I know I’m a few weeks late on this, but I heard that Chinua Achebe died on March 21st. His greatest novel, Things Fall Apart, inspired my dissertation research.
As most readers of this blog know, I wrote my dissertation (defended 10 years ago!) on Early Christian basilicas in Central and Southern Greece. In Achebe’s novel the building and development of the little church in the Evil Forest represented the intrusion of the colonial of the missionary. Achebe is explicit. With the church came government, the disruption of traditional life, and ultimately spiritual and physical violence.
At the beginning of Chatper 16:
“When nearly two years later, Obierika paid another visit to his friend in exile the circumstances were less than happy. The missionaries had come to Umuofia. They had built their church there, won a handful of converts, and were already sending evangelists to the surrounding towns and villages.”
“We have now built a church,” said Mr. Kiaga, the interpreter, who was now in charge of the infant congregation. The white man had gone back to Umuofia, where he built his headquarters and from where he paid regular visits to Mr. Kiaga’s congregation at Mbanta.
“We have now built a church,” said Mr. Kiaga, “and we want you all to come in every seventh day to worship the true God.”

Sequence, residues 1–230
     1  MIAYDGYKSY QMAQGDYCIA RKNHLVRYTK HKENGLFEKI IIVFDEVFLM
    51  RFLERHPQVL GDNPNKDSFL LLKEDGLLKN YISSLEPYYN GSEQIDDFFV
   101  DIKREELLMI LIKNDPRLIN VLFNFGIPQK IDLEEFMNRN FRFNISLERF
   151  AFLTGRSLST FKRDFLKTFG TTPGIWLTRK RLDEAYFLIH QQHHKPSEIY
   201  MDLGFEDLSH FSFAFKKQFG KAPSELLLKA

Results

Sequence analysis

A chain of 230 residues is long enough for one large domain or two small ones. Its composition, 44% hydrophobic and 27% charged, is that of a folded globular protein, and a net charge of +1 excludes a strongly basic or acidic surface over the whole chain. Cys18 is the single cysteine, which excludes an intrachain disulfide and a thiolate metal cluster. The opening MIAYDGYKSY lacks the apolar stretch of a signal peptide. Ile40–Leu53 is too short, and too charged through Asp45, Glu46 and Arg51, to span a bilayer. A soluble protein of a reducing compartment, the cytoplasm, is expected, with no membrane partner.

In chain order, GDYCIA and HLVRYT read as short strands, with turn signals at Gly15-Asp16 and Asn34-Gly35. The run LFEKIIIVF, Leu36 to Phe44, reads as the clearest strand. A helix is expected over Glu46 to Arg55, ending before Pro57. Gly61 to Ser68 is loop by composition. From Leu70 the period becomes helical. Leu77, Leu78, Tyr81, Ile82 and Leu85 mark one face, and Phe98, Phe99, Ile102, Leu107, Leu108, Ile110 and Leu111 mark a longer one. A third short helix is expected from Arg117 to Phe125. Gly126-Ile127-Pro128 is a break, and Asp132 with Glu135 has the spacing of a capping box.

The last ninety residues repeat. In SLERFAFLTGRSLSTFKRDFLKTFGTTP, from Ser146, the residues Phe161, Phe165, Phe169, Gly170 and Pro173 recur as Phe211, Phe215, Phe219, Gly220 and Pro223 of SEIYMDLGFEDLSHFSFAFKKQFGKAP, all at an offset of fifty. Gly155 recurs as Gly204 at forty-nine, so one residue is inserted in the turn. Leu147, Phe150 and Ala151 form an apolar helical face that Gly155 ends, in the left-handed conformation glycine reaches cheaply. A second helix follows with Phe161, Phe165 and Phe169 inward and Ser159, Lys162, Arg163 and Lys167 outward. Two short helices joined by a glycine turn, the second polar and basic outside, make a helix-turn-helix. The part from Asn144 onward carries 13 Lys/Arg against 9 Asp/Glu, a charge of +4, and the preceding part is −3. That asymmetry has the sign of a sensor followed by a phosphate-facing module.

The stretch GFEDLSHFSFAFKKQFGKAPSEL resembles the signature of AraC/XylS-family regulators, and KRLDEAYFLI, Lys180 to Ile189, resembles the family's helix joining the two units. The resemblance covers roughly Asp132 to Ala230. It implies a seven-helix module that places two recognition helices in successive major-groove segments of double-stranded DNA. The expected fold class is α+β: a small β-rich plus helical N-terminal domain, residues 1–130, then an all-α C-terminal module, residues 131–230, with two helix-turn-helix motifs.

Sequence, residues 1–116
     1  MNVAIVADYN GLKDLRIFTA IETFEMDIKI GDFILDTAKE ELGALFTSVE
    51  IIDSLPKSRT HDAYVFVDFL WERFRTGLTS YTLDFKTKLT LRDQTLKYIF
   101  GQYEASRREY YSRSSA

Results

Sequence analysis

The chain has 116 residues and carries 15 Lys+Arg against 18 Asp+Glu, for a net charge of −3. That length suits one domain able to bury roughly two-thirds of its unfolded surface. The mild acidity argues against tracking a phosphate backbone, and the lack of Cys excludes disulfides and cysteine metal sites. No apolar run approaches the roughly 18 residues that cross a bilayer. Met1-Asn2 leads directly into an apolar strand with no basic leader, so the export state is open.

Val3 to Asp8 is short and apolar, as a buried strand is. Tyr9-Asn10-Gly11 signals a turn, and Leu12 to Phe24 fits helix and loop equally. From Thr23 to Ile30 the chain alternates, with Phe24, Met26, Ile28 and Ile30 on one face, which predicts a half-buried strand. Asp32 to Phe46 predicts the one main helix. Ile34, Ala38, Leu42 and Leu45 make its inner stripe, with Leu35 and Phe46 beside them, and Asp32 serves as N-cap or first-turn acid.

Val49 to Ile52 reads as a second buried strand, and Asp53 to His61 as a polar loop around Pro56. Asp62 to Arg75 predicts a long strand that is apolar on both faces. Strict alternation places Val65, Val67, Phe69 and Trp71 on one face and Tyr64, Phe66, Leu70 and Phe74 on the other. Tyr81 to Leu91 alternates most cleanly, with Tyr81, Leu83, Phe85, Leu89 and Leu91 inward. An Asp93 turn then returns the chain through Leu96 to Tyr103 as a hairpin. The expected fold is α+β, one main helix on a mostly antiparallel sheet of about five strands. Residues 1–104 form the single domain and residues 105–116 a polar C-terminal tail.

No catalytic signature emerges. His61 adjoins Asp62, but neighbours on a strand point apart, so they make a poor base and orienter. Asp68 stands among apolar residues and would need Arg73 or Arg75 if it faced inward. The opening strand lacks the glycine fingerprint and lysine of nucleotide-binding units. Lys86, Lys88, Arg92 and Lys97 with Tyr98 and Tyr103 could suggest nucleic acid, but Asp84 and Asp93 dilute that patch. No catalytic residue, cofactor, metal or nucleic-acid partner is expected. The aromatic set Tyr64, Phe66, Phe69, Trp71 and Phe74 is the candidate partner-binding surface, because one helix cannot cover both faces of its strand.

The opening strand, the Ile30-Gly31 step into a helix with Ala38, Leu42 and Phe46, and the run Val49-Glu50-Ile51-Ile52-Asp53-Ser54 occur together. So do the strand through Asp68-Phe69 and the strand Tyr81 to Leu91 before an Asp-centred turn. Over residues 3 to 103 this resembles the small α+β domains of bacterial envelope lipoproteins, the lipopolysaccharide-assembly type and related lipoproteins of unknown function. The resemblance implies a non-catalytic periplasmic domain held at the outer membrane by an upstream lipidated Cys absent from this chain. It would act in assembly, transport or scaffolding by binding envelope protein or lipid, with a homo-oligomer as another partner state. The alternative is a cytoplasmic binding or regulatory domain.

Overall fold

On the following Sunday, Nwoye passed and repassed the little red-earth and thatch building without summoning enough courage to enter. He heard the voice of singing and although it came from a handful of men it was loud and confident. Their church stood on a circular clearing that looked like the open mouth of the Evil Forest. Was it waiting to snap its teeth together? After passing and re-passing by the church, Nwoye returned home.”
And in Chapter 22, Achebe moves toward the climax of the novel with the church at the center:
“The band of egwugwu moved like a furious whirlwind to Enoch’s compound and with machete and fire reduced it to a desolate heap. And from there they made for the church, intoxicated with destruction.
Mr. Smith was in his church when he heard the masked spirits coming. He walked quietly to the door which commanded the approach to the church compound, and stood there. But when the first three or four egwugwu appeared on the church compound he nearly bolted. He overcame this impulse and instead of running away he went down the two steps that led up to the church and walked towards the approaching spirits.”
I won’t try to intervene in Achebe’s carefully constructed allegory other than to make the rather facile observation that the church building was power for the missionaries and the destruction of the church was colonial resistance. The architecture itself created conversion and colonial change.